From ANIMAL PEOPLE, November 2000--

Human obituaries

Mary Warner, almost 90, died recently at her home in Berryville,
Virginia. Originally from Minnesota, Warner won her first reputation in
animal protection by tracking down horse thieves. She began investigating
dog and cat theft, she recalled in 1992, only after she and her husband
retired to Virginia in 1974. "We finally got away from the horse thieves,"
she said, "and then our dog was stolen, right out of our yard." Warner
responded by founding Action-81, an anti-pet theft advocacy group named
for I-81, the truck route used by Appalachian bunchers to haul dogs to
laboratories along the Atlantic seaboard. For the rest of her life Warner
gathered pet theft reports, lobbied animal protection groups to act on pet
theft, and hounded her elected representatives. Warner recorded an
apparent boom in pet theft after New York in 1977 repealed a law that
obliged public shelters to surrender animals on demand to research
institutions. Eight other states, with 332 research facilities among
them, halted selling pound animals to labs by 1985. This increased the
demand for random-source dogs and cats from the midwest and south. Warner
contended that this, too, sent pet theft rates soaring--although changes
in teaching and testing methods had by then cut lab use of dogs and cats in
half from the levels of the 1970s. Some of the pet theft statistics Warner
used proved to have been inflated more than a thousandfold, but her
activity did help win passage of the 1990 Pet Theft Act, which amended the
federal Animal Welfare Act to require vendors of dogs and cats to labs to
keep records on each animal they sell. Taking effect in January 1993, the
Pet Theft Act enabled USDA inspectors to shut down more random-source dog
and cat dealers than remain in business. Of hundreds active when Warner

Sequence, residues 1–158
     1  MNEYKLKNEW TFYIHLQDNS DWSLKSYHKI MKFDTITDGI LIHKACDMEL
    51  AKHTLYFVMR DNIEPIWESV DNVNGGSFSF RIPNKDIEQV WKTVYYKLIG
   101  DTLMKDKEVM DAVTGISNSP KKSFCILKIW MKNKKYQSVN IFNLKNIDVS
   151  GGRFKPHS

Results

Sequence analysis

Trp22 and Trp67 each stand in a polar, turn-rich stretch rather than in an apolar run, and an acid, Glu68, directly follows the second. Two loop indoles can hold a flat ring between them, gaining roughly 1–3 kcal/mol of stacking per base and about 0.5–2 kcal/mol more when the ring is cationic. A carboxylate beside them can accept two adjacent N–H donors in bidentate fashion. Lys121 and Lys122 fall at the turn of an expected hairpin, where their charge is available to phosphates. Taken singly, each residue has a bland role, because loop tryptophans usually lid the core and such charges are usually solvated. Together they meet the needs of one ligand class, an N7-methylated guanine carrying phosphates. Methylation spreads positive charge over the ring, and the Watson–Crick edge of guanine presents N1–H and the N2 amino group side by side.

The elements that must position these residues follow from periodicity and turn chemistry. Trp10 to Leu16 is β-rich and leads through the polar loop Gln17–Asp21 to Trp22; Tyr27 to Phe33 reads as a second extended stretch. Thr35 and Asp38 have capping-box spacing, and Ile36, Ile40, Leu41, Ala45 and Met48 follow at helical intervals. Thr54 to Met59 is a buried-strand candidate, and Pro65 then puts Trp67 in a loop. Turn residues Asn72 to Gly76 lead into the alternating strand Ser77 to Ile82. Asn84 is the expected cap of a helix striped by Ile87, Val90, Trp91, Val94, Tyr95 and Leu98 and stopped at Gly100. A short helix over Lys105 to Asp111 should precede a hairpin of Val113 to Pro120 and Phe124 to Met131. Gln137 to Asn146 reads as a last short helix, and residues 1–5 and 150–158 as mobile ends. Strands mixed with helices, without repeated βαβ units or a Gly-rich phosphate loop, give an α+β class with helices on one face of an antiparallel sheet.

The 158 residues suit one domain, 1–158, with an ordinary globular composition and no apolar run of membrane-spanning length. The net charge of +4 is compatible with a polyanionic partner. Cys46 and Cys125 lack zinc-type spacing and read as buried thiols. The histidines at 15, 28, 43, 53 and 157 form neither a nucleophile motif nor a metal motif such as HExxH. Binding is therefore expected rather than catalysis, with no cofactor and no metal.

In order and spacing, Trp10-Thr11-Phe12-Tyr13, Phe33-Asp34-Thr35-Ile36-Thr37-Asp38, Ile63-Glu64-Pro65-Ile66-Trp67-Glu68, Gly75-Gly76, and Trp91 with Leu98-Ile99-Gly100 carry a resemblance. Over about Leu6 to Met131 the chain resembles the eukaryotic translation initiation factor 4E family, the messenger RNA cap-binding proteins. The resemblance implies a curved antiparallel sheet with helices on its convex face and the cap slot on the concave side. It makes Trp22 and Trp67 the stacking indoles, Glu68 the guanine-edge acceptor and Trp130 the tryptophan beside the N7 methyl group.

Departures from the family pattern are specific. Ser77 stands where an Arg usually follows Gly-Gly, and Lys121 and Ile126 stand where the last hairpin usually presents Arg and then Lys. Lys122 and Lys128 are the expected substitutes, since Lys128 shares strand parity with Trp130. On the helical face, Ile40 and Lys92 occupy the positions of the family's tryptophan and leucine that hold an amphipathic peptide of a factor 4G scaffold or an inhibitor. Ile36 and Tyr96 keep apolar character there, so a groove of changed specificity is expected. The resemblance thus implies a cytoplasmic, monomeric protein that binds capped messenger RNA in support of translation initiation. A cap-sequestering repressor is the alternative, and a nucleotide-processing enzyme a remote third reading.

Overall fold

started, a mere 27 are left.

Ruth Young Manwaring, 73, died on September 18 in Needham,
Massachusetts. A former radio journalist and publicist for the American
Automobile Association, involved in many other branches of charity,
Manwaring was best known and remembered as longtime president of the Dog
Orphans shelter in Douglas, Massachusetts.

Patti Nickerson Manning, 40, was found shot to death at her home
in Richmond Township, Michigan, on September 21, after her second
husband Donald Manning, 44, told police he had killed her. Donald
Manning was charged with murder, held without bond in the Marquette County
Jail, and may face life in prison if convicted. Patti Nickerson Manning
had four children with her first husband, Dale Nickerson, whom she
divorced in the mid-1980s. On March 2, 1989, on a sub-zero day in
National Mine, Michigan, her five-year-old daughter Angie got off her
school bus between her own home and that of her grandparents, across the
street, and was fatally mauled by a Malamute/wolf hybrid who was adopted
from an animal shelter and given to her aunt Tammi Alderton by a boyfriend
five days earlier. Angie's partially eaten remains were not found for more
than an hour because each family thought she had gone to the home of the
other. After a series of bitter lawsuits among the family members,
Nickerson Manning fought for legislation to prohibit owning and breeding
wolf hybrids and other dangerous pets. Michigan finally adopted the law
she wanted in July 2000.

Phillip Glasier, 84, died on September 11. Introduced to
falconry by an uncle who let him make a pet of an African hawk eagle,
Glasier became a bird photographer and falcon trainer after World War II.
He eventually became personal falconer to Princes Philip and Charles.
Settling at Clifford Mesne, Gloustershire, with 12 birds in 1966,
Glasier opened the Falconry Center with 60 a year later. There Glasier was
among the first people to successfully breed kestrels, Indian tawny
eagles, African pygmy falcons, and American black vultures in captivity.
Glasier also introduced the use of falcons rather than shotguns, nets,
and poison to keep birds away from airfields. The Falconry Center was in
1979 retitled the National Birds of Prey Center. Although Glasier's 1979
book Falconry and Hawking is called "the bible of falconing," he liked
most animals better alive than dead, keeping a home full of pets including
ferrets and, at one point, a thoroughly tame deer.

Lisa O'Shea, 27, died on October 1 at the University Medical
Center in Reno, Nevada, after she leaped from her motorcycle on September
24 to try to rescue a German shepherd/chow mix and a Rottweiler who had
unwittingly plunged into a hot spring after jumping out of a pickup truck
in the Black Rock Desert near Gerlach. O'Shea, the dogs, and a companion
who also tried to help, Andy Crowell, 25, were all virtually boiled
alive. One dog died in the water; the other required euthanasia. Crowell
at latest report was still in critical condition.